Putin, Merkel call for political dialogue in Ukraine, bilateral cooperation

Russian President Vladimir Putin and visiting German Chancellor Angela Merkel on Sunday reiterated that the crisis of Ukraine should only be solved through political dialogue.

“I am convinced that a reliable, long-term settlement can only be achieved by establishing direct dialogue between Kiev, (the two self-proclaimed republics of) Donetsk and Lugansk,” Putin said during a meeting held in Moscow, the capital of Russia, Sunday.

The Victory Day of Russia is marked on May 9 annually but on this very day of the year Russia celebrated the 70th anniversary of the victory of the Great Patriotic War, Russia’s term for World War II. Merkel didn’t come on the exact day for Russia’s grand parade but decided to visit Moscow one day later. Before the two leaders held talks, they laid wreaths at the Tomb of Unknown Soldiers at the Red Square in downtown Moscow.

Merkel agreed that Germany would continue to work with Russia for “the restoration of the sovereignty and territorial integrity of Ukraine,” and support the monitor mission of the Organization for Security and Cooperation in Europe.

Putin also stressed it was necessary for all parties to stick to the full implementation of the Minsk ceasefire agreement.

“There are reasons to believe that the Minsk process is moving, although with difficulties,” the Interfax news agency quoted him as saying.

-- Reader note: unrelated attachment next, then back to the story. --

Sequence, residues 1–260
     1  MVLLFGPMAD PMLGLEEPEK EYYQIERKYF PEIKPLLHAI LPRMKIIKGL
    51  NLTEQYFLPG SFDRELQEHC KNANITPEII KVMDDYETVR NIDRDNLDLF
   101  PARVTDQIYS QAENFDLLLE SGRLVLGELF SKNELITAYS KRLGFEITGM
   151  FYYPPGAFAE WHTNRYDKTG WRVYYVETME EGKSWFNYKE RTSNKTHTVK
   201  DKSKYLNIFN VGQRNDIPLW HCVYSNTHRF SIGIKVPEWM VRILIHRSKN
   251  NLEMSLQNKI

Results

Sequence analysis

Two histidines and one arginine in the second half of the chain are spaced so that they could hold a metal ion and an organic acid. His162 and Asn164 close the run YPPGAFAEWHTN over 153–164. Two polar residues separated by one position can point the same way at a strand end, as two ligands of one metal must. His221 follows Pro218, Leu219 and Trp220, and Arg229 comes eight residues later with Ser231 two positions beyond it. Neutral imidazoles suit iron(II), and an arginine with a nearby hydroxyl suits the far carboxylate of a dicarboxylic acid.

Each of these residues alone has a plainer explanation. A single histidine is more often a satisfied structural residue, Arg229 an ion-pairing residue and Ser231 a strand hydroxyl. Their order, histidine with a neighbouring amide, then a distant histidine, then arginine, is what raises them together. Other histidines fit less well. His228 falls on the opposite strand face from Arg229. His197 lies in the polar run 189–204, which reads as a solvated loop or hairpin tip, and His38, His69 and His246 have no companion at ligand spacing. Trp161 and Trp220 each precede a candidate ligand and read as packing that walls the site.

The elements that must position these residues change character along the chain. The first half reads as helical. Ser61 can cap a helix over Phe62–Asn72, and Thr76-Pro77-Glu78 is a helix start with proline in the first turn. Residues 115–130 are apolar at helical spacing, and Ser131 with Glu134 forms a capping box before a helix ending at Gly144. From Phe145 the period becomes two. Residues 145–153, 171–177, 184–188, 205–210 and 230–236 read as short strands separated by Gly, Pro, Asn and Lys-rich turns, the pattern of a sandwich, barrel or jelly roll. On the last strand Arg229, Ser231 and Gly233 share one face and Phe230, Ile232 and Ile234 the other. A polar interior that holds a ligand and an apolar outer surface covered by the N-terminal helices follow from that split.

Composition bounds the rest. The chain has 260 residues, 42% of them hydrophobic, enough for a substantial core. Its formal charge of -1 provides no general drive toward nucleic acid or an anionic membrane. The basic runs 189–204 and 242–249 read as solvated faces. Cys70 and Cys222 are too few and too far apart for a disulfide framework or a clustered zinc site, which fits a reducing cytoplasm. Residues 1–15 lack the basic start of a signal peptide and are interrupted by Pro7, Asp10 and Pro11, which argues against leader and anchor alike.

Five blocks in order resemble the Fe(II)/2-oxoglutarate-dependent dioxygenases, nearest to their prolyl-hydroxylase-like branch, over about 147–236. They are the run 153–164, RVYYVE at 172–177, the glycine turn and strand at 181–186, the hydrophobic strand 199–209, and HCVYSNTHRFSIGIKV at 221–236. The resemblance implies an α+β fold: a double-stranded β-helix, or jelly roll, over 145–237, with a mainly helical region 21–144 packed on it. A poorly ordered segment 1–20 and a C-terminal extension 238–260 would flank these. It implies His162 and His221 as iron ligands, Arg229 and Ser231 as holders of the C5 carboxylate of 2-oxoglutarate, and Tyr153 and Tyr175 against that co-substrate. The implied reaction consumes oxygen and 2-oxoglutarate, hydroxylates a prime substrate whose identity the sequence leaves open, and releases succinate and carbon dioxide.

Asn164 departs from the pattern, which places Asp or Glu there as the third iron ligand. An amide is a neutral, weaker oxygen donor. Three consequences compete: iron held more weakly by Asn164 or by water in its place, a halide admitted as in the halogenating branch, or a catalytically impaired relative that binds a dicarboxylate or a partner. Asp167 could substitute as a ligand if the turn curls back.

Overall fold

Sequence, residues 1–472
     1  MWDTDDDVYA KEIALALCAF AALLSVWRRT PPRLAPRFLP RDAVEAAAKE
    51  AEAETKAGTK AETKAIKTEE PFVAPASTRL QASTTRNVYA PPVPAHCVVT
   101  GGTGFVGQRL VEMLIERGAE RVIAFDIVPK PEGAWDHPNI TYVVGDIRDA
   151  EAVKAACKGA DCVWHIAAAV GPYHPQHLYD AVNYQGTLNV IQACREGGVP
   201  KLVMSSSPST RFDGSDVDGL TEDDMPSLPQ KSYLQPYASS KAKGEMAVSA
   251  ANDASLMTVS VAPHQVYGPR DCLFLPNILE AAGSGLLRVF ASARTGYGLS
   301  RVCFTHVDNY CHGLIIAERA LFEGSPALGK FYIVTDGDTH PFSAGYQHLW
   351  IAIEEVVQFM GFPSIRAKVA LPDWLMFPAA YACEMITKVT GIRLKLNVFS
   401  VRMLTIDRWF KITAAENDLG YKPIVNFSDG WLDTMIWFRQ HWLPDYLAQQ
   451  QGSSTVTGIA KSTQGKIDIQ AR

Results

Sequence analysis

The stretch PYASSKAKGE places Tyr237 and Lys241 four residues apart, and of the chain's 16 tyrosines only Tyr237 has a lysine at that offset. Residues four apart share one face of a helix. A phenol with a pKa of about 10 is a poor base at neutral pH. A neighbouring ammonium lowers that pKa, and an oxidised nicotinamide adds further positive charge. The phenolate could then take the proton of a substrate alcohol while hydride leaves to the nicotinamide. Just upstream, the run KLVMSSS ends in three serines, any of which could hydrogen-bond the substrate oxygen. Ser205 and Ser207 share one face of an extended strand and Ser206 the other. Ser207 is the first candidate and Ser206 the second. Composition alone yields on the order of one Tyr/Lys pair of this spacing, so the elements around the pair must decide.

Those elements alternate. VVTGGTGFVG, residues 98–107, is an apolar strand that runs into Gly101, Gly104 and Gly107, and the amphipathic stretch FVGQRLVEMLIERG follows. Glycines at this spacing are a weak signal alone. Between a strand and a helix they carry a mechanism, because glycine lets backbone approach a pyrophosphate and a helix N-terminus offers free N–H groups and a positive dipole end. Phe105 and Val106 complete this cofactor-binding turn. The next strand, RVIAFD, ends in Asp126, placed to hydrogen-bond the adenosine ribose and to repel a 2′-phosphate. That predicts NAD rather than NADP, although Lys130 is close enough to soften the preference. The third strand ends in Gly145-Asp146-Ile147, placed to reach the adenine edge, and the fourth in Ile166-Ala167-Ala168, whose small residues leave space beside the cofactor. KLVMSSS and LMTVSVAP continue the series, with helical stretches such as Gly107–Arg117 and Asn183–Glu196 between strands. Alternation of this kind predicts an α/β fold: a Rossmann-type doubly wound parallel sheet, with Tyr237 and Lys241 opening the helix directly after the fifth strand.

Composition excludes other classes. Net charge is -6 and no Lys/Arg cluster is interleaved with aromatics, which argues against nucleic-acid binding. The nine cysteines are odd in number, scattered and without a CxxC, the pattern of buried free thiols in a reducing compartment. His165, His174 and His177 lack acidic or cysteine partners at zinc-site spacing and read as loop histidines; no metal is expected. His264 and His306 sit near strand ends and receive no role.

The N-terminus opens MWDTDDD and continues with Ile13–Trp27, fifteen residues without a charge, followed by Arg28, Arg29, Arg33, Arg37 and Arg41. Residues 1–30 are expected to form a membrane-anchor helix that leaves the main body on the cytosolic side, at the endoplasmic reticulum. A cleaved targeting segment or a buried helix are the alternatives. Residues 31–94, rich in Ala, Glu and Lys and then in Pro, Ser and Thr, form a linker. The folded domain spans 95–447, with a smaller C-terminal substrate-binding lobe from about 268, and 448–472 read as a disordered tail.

Merkel added that possibilities of making progress in solving the Ukraine crisis always exist.

While expressing his hope for the working subgroups of the three-party Contact Group on the Ukraine crisis, Putin vowed to exert all possible influence on Donetsk and Lugansk to ensure the effective work of the subgroups.

He also noted that the success of a peaceful settlement in Ukraine depends mainly on the Kiev government, calling for constitutional reforms and economic restoration in the country.

Moreover, Merkel urged all the relevant sides to do everything possible to improve the humanitarian situation in the country’s eastern Donbass regions.

The two leaders also discussed bilateral cooperation and the Russia-EU relations. They agreed that the current problems should be solved through “diplomatic paths.”

According to Merkel, Russia and Germany need to cooperate when facing “difficult situations.” She suggested that economic spaces of the European Union and Russia should move closer gradually.

“I think in a current globalized world there are reasons to work on this so that the Russian-German bilateral relationship fits well into the context,” Merkel said.

Lamenting the slump in bilateral trade with Germany, Putin pointed out that there are still German companies investing in Russia’s economy and called for “removing artificial barriers on the path of the development of mutually beneficial trade and economic ties.”

“(The dramatic trade drop) is clearly not in the interests of either Russia or Germany,” Putin said.

Putin also urged efforts to renew the global security system, saying it should be based on nonalignment and impartial criteria under the leadership of the UN.

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